Anyway, besides email and a phone meeting regarding the Secret, that was yesterday. Oh, and I had to sign the income tax forms, and send away more than thousand dollars to help fund wars against countries that have done me no wrong. And Sméagol has some odd ailment of his right nostril, and Spooky has to take him to the vet today. So...money flying out the window. Even though the windows are shut. Money flies, regardless. So, my great thanks to everyone who bid on the recent round of eBay auctions, and especially to the winner of the "napovel." I was stunned, genuinely stunned, at what it went for. I really do kind of love you guys.

Slowly, I'm trying to clean and bring order to my office.

Last night, we watched the new episodes of Fringe and Project Runway. And then I played CoX late into the night, or early into the morning, or both.

I have what I think is the final set of photos from the HPLFF trip. It's a random lot, stuff I probably should have included elsewhere, but didn't. Ergo, there's a legend for each one. They date from September 30th through October 4th. My mind is very, very scattered. I think the festival was so marvelous that it's left me off balance. Again, I say, I don't know how authors who travel for writerly travel ever manage to get anything written.

H. P. Lovecraft Film Festival, Part the Last, Part 9 )


I am very annoyed there's no photo of me with S. T. Joshi and Wilum Pugmire. Finally meeting Wilum in person was one of the high points of the festival.
greygirlbeast: (The Red Tree)
My thanks to everyone who braved the storm on Saturday night to attend the Brown reading. Special thanks to Barry Dejasu, Bob Geake, and the rest of bookstore's staff, for inviting me and organizing the event (and thanks to Barry for the wonderful Charles Fort omnibus edition!). I read portions of chapters Six and Seven of The Red Tree. There are two or three photos, below, behind the cut.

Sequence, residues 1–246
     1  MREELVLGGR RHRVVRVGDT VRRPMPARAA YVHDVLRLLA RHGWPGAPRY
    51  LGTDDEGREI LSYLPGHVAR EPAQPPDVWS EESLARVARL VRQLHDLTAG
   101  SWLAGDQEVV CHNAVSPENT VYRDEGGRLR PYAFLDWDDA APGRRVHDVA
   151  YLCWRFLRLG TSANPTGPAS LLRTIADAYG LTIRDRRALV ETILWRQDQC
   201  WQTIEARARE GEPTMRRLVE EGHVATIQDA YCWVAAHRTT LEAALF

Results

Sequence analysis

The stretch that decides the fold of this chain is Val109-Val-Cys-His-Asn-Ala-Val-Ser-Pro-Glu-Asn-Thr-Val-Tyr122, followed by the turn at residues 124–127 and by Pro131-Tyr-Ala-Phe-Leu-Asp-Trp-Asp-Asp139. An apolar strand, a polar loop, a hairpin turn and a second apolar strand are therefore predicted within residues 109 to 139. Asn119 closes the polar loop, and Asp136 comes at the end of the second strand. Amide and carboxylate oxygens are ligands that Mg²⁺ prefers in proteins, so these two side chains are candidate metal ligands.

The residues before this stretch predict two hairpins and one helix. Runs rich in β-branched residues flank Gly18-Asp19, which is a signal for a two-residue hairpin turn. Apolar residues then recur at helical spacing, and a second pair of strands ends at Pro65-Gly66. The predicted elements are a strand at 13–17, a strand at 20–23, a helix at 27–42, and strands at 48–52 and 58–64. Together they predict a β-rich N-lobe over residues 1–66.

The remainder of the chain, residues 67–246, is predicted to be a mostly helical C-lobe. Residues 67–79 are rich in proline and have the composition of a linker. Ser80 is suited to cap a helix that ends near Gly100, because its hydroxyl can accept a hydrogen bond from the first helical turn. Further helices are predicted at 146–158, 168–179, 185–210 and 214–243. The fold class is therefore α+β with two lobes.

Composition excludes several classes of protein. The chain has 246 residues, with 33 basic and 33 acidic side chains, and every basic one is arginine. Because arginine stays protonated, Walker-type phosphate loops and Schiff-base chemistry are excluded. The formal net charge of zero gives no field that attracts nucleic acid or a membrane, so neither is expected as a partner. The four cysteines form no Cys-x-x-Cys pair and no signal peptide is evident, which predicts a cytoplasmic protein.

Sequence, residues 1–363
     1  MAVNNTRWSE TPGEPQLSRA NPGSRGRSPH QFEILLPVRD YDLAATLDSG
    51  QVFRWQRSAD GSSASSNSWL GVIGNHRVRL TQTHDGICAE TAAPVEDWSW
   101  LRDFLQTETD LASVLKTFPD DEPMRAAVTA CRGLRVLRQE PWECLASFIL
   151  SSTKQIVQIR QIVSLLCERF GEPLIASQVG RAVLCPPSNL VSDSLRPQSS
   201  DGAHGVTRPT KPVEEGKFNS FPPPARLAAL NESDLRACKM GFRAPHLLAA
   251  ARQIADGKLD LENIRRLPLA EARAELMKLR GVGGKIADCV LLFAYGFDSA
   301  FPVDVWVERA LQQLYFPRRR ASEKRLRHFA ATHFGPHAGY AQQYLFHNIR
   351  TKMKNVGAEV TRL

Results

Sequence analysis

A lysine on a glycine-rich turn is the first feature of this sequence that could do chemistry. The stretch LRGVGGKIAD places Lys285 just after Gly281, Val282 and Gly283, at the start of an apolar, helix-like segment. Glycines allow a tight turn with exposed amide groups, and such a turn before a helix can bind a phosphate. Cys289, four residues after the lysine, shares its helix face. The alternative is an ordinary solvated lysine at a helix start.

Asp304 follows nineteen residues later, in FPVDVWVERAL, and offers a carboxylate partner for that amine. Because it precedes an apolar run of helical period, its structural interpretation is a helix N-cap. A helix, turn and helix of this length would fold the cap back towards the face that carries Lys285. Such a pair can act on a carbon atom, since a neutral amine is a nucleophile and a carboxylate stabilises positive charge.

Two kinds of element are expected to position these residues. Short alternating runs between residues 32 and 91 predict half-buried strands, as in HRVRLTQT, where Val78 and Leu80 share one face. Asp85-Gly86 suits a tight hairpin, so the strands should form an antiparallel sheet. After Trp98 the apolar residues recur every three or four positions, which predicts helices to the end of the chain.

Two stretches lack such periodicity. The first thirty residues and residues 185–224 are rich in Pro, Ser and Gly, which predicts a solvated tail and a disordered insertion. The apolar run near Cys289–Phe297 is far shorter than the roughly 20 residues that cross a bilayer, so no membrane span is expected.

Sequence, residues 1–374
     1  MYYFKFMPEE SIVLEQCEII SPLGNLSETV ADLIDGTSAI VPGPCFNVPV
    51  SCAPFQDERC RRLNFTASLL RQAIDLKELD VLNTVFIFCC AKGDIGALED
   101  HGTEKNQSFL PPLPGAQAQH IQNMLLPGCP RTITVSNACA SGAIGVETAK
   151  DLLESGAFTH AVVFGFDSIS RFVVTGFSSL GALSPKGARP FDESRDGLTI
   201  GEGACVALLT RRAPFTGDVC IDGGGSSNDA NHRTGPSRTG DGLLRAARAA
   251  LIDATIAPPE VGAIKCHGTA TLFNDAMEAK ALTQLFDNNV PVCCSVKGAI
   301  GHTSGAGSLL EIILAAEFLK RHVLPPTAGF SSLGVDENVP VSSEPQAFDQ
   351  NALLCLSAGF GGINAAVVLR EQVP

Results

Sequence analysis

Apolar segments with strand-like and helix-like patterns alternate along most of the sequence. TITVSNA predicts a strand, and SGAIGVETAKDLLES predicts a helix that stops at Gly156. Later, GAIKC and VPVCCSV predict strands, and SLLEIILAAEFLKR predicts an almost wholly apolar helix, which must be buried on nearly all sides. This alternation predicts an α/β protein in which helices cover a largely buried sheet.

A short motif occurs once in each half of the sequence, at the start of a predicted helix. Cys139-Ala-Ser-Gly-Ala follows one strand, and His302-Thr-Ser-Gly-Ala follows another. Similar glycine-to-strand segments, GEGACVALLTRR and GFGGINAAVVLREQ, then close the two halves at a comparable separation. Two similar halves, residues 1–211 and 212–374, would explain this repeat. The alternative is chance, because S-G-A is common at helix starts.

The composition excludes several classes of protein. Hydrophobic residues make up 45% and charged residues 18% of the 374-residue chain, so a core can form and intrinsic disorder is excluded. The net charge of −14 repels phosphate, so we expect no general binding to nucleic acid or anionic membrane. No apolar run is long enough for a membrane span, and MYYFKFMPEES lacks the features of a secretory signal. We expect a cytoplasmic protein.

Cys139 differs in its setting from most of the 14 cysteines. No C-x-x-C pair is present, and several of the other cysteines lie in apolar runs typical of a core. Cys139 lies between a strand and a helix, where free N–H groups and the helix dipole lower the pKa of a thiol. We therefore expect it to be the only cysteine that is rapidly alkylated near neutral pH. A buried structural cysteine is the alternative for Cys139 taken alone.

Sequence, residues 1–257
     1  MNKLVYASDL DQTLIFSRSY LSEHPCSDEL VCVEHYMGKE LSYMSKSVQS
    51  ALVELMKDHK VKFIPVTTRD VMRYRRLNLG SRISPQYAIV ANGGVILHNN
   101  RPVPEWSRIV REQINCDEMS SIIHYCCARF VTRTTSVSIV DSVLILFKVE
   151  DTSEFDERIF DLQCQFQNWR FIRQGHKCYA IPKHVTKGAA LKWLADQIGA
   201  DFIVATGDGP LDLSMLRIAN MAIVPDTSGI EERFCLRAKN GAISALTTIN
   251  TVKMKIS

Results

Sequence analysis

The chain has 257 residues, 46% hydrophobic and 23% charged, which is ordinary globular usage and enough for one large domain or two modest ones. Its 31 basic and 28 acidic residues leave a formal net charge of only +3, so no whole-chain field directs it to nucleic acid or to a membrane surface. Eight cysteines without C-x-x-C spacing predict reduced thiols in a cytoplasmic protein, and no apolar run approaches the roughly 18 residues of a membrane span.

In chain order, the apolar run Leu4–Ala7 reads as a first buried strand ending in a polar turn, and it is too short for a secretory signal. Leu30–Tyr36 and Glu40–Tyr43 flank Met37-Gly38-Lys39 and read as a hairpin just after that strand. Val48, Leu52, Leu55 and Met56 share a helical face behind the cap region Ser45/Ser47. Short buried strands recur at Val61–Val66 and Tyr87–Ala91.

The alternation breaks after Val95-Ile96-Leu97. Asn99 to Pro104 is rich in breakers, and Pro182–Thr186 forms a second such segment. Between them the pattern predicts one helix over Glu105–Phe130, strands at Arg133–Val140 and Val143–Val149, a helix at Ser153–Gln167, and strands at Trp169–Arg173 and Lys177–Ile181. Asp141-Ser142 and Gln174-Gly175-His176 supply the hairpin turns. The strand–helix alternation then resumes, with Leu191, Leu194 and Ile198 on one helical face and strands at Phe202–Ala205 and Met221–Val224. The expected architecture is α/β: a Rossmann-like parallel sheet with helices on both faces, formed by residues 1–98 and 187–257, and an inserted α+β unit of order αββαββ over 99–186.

Also, my thanks to everyone who bid in the most recent round of eBay auctions.

Saturday night, after the reading, [livejournal.com profile] readingthedark treated me and Spooky to a very fine Indian dinner on Thayer Street. Outside, the rain was coming down in buckets. Walking to the car, my feet got soaked. Geoffrey accompanied us back to the house, and we stayed up until about 3:30 a.m., talking about anything and everything: Lovecraft, Crowley, music, witchcraft, the impending environmental collapse, misanthropy, writing and writers, chess, our misspent youths, the publishing industry, David Lynch, peculiar cats, and whether pigs have wings. It was a very fine evening, and it made me wish I had people over more often.

Yesterday was sunny and not-quite-cold, and Spooky and I were determined to get out and enjoy the autumn foliage, as it's falling fast. We made it down to her parent's place in Saunderstown, and got eggs, and picked apples for pies. I also picked up three ticks, but found them before the little bastards had a chance to bite. Spooky's mom gleefully incinerated them. Her dad's heading to Venezuela next month. But before stopping by the farm, we stopped in Wakefield, and admired the leaves, and a brilliant sun dog, from the bridge over over the Saugatucket River. The water was stained a dark black from tannin, and was very still and high. Indeed, it was so still, there was not a trace of current, and I suspect the dam's spillways might have been backed up.

Before Wakefield, we stopped at a deserted, decrepit house on Old North Road. The property is for sale, but the house itself, which must be at least a century old, is beyond saving. A man named Robert Mulholland lived there until a year or two ago, and apparently, all of his belongings were left in the house. Since then, the weather and vandals have not been kind to the place. We didn't risk the sagging roof and exposed nails to venture inside. We found a wonderful piece of pottery, and a china tea cup, and carried those away with us. That enormous slumping house, lost in a chest-high sea of brown ragweed, seemed to radiate (or at least focus) a sort of despair and desolation. Being there, and seeing the cast-off remnants of someone's life, abandoned like that and left to rot, the effect was ultimately more sad than creepy. That place, and all those decaying possessions, were once important to someone.

On the way back to Providence through Slocum, we saw the most spectacular sunset. It was almost a perfect day, and I get so few of those.